With maximum sustained winds currently 70 mph (110 km/h) and a minimum central pressure of 983 millibars, Tropical Storm Sandy is located 95 miles south of Kingston, Jamaica, moving north with a forward speed of 14 mph. The center of the storm should reach Jamaica in the early afternoon, local time. As of 8 am Wednesday morning (EDT), only intermittent rain squalls with rainfall totaling less than one inch (0.82 inch) are affecting Jamaica. However, as Sandy draws closer, it is anticipated to strengthen, giving rise to hurricane conditions over the island by Wednesday afternoon.
Exposure at Risk
In Jamaica, most buildings in the major urban areas such as Kingston are constructed of brick or reinforced concrete with tiled or cement roofs. If these buildings are well-constructed, they should not suffer much damage at the level of wind speeds being produced by Sandy. These winds could, however, test vulnerable roof materials such as light metal. Poorly constructed shanty-type homes may see more significant damage but would likely be uninsured.
While Sandy’s projected wind speeds do not represent a significant threat to most Jamaican construction, damage due to flooding is an additional hazard. If severe localized flooding does occur, weaker construction types such as timber or unreinforced masonry will be the most vulnerable. In addition, contents damage could occur if walls made from these materials are compromised by flooding. Auto exposure is also particularly vulnerable to flooding.
Forecast Track and Intensity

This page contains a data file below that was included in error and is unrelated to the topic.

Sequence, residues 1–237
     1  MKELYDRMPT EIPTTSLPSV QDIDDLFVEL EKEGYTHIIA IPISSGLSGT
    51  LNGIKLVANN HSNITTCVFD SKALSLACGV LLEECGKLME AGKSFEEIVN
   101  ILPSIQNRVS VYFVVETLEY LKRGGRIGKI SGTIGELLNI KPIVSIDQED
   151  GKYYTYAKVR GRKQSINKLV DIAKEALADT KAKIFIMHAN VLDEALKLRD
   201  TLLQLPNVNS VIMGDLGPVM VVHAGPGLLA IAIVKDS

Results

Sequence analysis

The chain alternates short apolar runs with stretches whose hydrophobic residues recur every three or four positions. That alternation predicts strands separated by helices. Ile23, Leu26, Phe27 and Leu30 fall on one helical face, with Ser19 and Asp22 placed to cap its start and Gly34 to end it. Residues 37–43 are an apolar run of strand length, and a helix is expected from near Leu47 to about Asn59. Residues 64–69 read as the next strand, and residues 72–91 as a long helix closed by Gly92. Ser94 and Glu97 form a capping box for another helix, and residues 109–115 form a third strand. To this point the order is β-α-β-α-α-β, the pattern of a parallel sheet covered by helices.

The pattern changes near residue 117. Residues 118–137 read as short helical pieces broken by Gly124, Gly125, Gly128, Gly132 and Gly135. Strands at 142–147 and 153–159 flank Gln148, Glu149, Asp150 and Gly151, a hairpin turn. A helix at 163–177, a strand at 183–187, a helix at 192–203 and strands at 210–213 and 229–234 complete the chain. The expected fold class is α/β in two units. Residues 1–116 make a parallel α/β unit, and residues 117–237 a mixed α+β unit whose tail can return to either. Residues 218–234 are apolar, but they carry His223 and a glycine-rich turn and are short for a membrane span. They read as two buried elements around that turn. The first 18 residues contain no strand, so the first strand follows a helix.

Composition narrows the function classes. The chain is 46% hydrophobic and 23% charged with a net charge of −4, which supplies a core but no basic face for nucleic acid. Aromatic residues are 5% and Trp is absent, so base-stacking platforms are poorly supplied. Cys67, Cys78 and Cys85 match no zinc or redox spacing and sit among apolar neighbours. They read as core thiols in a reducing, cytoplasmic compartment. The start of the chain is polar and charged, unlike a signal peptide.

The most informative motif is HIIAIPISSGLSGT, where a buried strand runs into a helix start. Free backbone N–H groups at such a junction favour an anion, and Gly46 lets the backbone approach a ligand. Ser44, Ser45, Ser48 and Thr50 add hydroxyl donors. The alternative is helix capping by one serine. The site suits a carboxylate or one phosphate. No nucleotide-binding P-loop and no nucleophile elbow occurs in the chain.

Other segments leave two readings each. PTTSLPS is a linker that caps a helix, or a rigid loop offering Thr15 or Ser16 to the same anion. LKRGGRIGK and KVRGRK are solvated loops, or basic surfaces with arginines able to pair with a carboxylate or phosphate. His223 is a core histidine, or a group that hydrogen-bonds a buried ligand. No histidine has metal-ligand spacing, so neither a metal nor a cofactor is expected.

With Tropical Storm Sandy currently located over very warm waters of 29.5°C, with a relative humidity of over 80%, and light wind shear of 5-10 knots, conditions are very favorable for intensification. Tropical Storm Sandy is thus predicted to gradually intensify over the next several hours, reaching hurricane strength by the time it makes landfall in Jamaica on Wednesday afternoon. A hurricane warning is thus in effect for Jamaica. It is interesting to note that Tropical Storm Sandy is taking a relatively unusual track as it heads nearly due north into Jamaica; most storms that impact Jamaica travel from east to west.
It is likely that Sandy will remain a hurricane when it makes a second landfall on eastern Cuba early Thursday morning; however, Sandy is expected to weaken somewhat before affecting the Bahamas as a tropical storm later that day. Hurricane warnings have been issued for the Cuban provinces of Camaguey, Las Tunas, Granma, Santiago de Cuba, Holguin, and Guantanamo. Tropical storm conditions are also anticipated on Haiti.
In all, Sandy is forecast to produce 6-12 inches of rain (with isolated maximum rainfall of 20 inches also possible in some locations) across Jamaica, Haiti, the Dominican Republic, and Eastern Cuba. The National Oceanographic and Atmospheric Administration (NOAA) cautions that this large amount of rain may cause life-threatening flash floods and mudslides, particularly in regions with mountainous terrain (such as southeast Cuba). Smaller amounts of rain – between 3 and 5 inches – are predicted to fall over parts of the Bahamas, though up to 12 inches of rain may occur in some isolated parts of these islands.
By Friday morning, NOAA reports that tropical storm conditions are possible along the southeast Florida coast, the upper Florida Keys, and Florida Bay.
Although all the computer models agree that Sandy will move northward over Cuba and into the Bahamas through Friday, they diverge in the long-term. Some models forecast that Sandy will move out into the ocean and away from the U.S. coastline, while others predict that the storm will curve more to the west and possibly impact the Northeastern U.S. as a post-tropical cyclone early next week. As such, AIR’s Tropical Cyclone team will continue to monitor Sandy closely during the next few days and will post additional information on the development and impacts of this storm.
Elsewhere, the season's 19th named storm, (tying 2010 and 2011 for the 3rd most storms in recorded history), Tropical Storm Tony, formed Tuesday night. Currently, Tony is not a threat to impact land.Source:NOAA